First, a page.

‘New year, new me’: the consumers driving the self-help boom 

It’s annual analysis time here at Nielsen BookData Research HQ, and we’re digging into all the data after another remarkable year for the UK book industry. We have a full overview of the print and digital market and consumer trends coming up in March (more info at the end of the post), but here I’ve picked a standout genre and examined some of the factors behind its prolonged popularity.

One of the strongest performing areas of the UK book market in recent years has been personal development. The sector has expanded at a rapid rate, with print sales crossing £50m in 2022 after setting new BookScan records every year since 2015. And that’s just the straightforward categories, with ‘stealth help’ reverberating across memoirs, nature writing, current affairs, anthologies, poetry, take your pick. On top of the success in print, it’s also the most digital-friendly part of non-fiction; according to our Books & Consumers survey, from January to October 2022 38% of purchases and nearly 30% of money spent on self-help/popular psychology books came from e-books and audiobooks. While e-books have lost share of the category year-on-year, audiobooks have continued to gain, going from 18% in 2021 to 21% in 2022 so far, overtaking e-books for the first time.

With any good trend, success begets success, and self-help books are no exception, especially coupled with that connection to the similarly upward audiobook market. Many of the key factors behind consumers finding and buying these books stem from increased prominence and visibility in the market: a quarter of self-help books in 2022 were bought due to recommendations/reviews, compared to only 15% of wider non-fiction, while 12% were influenced by bestseller status, double the overall non-fiction number. Bestseller lists and word of mouth also drive discovery at a higher rate than seen in non-fiction, but one very of-the-moment method ranks above bestseller lists. Social media/video sites contributed to discovery for 14% of purchases of self-help books in 2022, compared to only 5% of overall books and 7% of non-fiction.

Naturally that social media/video site stat includes TikTok, impossible to cover 2022 without at least one mention of the app! And while TikTok users bought 30% of self-help books last year (vs 25% for the total market), we see a larger discrepancy for YouTube, Instagram and LinkedIn between the overall market and self-help, pointing to a wider picture when it comes to potential discovery. Two-thirds of self-help books were bought by consumers who use YouTube regularly, along with 61% for Instagram and 30% for LinkedIn, compared to 51%, 47% and 18% respectively for books overall. Across the board, buyers of self-help books are more likely to be using most social media platforms to varying levels, with the biggest exception being Goodreads, which comes in 3% behind the overall market figure.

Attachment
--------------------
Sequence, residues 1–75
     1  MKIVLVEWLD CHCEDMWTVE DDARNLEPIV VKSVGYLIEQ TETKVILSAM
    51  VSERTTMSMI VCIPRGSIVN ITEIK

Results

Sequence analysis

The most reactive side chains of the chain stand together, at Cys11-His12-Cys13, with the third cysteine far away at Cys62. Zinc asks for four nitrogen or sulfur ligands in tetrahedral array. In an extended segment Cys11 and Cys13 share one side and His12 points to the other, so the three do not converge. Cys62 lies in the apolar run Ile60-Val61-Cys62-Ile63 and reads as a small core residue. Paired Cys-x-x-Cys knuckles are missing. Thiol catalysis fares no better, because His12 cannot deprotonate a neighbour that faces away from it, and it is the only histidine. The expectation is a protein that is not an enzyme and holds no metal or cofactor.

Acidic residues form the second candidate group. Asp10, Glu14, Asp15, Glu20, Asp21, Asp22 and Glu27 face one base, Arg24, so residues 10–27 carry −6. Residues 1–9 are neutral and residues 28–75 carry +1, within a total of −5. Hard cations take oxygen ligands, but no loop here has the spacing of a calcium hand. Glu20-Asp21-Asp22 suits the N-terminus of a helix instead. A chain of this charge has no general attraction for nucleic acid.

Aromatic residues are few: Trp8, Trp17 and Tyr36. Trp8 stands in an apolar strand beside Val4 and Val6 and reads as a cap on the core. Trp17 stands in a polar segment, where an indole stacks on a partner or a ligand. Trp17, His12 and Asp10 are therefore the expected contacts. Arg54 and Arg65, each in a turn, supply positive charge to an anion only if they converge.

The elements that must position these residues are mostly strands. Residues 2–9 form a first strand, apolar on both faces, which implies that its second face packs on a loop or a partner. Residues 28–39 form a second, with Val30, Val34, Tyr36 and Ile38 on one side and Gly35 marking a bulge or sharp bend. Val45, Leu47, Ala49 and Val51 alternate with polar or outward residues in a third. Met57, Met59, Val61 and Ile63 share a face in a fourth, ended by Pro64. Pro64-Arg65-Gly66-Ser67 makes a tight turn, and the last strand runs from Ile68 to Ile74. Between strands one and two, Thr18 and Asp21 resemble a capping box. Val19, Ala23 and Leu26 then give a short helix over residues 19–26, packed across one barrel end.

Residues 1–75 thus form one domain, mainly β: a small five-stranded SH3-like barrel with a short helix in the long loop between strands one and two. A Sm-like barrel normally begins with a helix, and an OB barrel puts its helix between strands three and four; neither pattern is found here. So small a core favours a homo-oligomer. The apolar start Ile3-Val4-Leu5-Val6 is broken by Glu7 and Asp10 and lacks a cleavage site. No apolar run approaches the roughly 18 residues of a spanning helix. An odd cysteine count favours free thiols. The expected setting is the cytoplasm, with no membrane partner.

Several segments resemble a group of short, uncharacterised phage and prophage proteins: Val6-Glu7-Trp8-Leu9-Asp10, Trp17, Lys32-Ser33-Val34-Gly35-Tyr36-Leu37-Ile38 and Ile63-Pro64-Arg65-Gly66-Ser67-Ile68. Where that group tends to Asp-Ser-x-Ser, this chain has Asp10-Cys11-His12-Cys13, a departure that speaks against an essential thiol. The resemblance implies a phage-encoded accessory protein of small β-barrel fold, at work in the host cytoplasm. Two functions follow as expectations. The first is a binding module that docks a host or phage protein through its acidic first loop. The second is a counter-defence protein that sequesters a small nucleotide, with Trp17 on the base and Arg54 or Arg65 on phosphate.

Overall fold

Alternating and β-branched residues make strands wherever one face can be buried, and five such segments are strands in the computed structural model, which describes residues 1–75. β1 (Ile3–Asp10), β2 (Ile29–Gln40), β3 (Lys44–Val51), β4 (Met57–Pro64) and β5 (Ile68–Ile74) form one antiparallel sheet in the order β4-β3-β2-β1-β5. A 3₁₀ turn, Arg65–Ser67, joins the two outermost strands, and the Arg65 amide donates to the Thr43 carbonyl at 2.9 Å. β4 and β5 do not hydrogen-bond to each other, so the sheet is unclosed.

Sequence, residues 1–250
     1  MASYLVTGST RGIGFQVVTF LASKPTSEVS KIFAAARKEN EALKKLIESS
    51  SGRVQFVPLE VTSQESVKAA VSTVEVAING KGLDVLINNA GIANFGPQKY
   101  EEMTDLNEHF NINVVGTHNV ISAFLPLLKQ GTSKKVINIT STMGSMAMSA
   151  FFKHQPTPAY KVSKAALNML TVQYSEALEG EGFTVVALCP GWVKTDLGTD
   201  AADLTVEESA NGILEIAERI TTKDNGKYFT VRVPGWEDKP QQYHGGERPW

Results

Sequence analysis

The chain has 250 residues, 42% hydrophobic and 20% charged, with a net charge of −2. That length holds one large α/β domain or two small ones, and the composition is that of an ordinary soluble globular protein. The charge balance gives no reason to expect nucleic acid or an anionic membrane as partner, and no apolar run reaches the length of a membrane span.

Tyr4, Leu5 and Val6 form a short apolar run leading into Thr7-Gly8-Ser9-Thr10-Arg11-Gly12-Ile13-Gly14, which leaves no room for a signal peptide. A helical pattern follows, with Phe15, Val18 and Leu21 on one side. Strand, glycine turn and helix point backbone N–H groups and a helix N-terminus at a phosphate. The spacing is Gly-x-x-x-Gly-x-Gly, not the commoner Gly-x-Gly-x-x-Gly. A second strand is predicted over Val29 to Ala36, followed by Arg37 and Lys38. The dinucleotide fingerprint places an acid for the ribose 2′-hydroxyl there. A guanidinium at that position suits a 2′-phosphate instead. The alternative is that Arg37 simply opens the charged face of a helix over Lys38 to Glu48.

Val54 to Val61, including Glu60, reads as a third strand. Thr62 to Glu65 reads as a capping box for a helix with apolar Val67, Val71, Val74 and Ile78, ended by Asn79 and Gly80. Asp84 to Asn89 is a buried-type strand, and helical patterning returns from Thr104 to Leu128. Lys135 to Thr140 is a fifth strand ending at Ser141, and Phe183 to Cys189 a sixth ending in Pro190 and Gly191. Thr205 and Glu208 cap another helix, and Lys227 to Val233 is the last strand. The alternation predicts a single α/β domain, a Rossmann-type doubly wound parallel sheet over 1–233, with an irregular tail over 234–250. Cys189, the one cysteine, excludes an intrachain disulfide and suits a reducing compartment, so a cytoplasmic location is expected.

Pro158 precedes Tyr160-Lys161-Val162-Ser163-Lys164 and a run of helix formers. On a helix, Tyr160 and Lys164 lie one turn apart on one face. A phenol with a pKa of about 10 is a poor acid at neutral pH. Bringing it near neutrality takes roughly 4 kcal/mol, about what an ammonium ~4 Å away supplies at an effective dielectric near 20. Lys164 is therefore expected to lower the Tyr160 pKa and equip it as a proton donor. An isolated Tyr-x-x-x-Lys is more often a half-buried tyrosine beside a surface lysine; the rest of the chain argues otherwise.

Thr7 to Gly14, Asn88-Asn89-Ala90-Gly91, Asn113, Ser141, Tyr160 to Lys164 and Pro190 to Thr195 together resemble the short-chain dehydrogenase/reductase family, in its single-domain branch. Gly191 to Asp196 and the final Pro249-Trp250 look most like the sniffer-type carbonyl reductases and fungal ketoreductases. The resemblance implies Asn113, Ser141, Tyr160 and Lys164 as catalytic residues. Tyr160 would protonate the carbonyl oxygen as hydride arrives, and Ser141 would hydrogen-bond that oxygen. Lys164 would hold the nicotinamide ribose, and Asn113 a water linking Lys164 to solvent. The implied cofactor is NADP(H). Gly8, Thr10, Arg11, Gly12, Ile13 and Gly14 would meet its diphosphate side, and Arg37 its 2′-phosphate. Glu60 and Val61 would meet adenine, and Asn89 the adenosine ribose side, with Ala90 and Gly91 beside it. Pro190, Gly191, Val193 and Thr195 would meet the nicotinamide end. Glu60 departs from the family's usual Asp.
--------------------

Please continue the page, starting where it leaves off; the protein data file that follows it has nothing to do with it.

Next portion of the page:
The widespread use of varied social media points to the younger audience for self-help books, while the relatively lower share for book-centric sites points to a base that are generally lighter book buyers/readers. The latter also comes through in attitudes toward books and reading, with self-help buyers more likely to say they prefer other things to reading and less likely to say they’re passionate about books; reading for knowledge and personal development rank above reading for pleasure and relaxation for these consumers. However, a sizeable portion do wish they had more time to read and say that they like to recommend books, calling back to the importance of word of mouth for discovery.

In terms of the audience, more than half of self-help/popular psychology purchases in 2022 to October were bought by under 35s, compared to 36% of overall non-fiction, and after women pulled ahead in 2020 and 2021, men rose back above 50% for the latest year. The largest segment of buyers is typically men aged 25-34, although they have lost share year-on-year, with some male purchases shifting older to 35-59s. The broad split by age and sex does show an expanding consumer base over the last few years, with six different segments having over 10% of purchases each, and two more just shy of that, compared to only four in 2021. Purchases becoming more widespread across the book buying population can certainly help with extending the runaway success the sector has experienced.

Of course self-help/popular psychology is only one corner of the industry’s bookshelves, whether physical or digital. To find out more about how the wider UK market and consumer base shaped up in 2022, join us at the London Transport Museum on 22 March (in person or virtually) for Steve Bohme’s annual UK Book Consumer presentation – impressively delivered with a new theme each year, 2021’s featured a certain bestselling author portrayed as Richard the Lionheart as we explored the book market through a history lesson. Visit for more info, or email to book your place.